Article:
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Parents Worried About Cyberbullies as School Starts Up
Poor diet, drugs and car accidents also among the leading concerns, poll shows

By Mary Elizabeth Dallas

FRIDAY, Aug. 25, 2017 (HealthDay News) -- With school bells ringing once again, 1 in 3 U.S. parents admits to worrying about bullying and cyberbullying.

A new poll involving more than 1,500 parents of children and teens found one-third very concerned about online bullying and how it could affect their child's mental health.

Experts have warned about the link between cyberbullying and anxiety, depression and suicide, the University of Michigan researchers pointed out.

"Adults across the country recognized bullying, including cyberbullying, as the leading health problem for U.S. children," said Dr. Gary Freed. He's a professor of pediatrics at the university and co-director of the C.S. Mott Children's Hospital National Poll on Children's Health.

Trailing closely behind cyberbullies on parents' list of concerns are sedentary behavior, poor diet, drug abuse and car accidents, the researchers found.

The poll included more than 1,500 parents of children 18 or younger.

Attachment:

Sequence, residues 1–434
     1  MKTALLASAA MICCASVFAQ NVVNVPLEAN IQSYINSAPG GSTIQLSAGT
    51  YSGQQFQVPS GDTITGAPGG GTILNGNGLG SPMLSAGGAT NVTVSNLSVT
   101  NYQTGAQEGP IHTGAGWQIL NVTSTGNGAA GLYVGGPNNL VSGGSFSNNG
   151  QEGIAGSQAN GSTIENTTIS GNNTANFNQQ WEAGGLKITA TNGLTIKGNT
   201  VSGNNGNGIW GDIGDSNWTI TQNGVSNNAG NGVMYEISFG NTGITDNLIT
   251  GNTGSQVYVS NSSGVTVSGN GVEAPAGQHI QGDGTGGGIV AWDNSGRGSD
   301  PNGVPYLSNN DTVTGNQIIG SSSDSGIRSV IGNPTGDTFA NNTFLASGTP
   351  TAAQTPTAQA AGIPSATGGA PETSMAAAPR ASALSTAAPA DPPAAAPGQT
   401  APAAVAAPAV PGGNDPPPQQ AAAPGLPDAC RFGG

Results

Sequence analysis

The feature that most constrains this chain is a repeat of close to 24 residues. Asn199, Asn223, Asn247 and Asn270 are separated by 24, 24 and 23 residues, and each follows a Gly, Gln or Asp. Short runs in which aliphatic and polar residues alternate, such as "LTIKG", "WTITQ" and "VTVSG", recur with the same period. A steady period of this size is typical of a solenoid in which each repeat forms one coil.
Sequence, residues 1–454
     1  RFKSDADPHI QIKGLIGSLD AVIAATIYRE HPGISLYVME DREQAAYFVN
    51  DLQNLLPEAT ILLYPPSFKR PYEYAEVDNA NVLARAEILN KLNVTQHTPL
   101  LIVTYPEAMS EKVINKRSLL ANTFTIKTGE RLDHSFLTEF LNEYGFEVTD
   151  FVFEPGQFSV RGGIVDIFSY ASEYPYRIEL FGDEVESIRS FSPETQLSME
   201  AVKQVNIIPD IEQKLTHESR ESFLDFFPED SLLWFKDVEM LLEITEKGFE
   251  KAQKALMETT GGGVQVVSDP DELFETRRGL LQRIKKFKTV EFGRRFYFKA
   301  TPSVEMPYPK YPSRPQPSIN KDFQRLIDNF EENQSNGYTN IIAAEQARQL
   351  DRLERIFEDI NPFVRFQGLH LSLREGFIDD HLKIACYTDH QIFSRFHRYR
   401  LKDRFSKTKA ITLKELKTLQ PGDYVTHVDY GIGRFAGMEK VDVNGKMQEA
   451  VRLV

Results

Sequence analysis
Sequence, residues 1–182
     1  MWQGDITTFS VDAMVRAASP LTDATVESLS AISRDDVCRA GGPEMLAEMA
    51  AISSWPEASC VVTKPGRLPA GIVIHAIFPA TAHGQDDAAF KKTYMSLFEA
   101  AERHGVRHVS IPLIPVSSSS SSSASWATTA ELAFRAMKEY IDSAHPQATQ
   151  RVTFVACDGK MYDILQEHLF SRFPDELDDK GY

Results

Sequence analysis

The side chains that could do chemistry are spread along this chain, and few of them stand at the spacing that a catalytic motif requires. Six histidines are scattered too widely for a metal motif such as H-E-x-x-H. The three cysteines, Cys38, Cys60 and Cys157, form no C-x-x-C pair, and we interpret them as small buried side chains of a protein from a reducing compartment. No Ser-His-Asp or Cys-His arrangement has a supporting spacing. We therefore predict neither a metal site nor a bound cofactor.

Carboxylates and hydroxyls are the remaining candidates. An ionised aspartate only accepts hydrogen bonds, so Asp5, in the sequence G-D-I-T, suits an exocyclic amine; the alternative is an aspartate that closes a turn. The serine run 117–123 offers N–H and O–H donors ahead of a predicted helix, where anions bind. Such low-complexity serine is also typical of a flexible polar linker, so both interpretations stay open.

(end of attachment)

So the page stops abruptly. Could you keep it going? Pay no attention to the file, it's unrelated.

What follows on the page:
Internet safety, including online predators, is also a major concern among parents of children and teens, the researchers discovered.

"Parents should regularly discuss internet safety with their children and teens and ways to prevent problems," Freed said in a university news release. "Simple effective strategies may include not providing personal identifying information on social media, chat platforms, or in shared gaming environments."

All of the parents polled were highly concerned about car accidents, which are the leading cause of death for children 2 to 14 years old.

Parents' anxiety also depended on their race and their children's age, the poll showed.

Racial inequalities and school violence were leading concerns among black parents, the researchers said.

Meanwhile, "among parents of children ages 0-5, cancer was rated as a top health concern even though pediatric cancer is quite rare," said Freed. "Parents may have concerns about very serious conditions despite the small risk for them."

More information

The U.S. Centers for Disease Control and Prevention provides tips to help ensure a safe and healthy school year.

SOURCE: University of Michigan Medicine, news release, Aug. 21, 2017

Copyright © 2017 HealthDay. All rights reserved. URL:http://consumer.healthday.com/Article.asp?AID=725768

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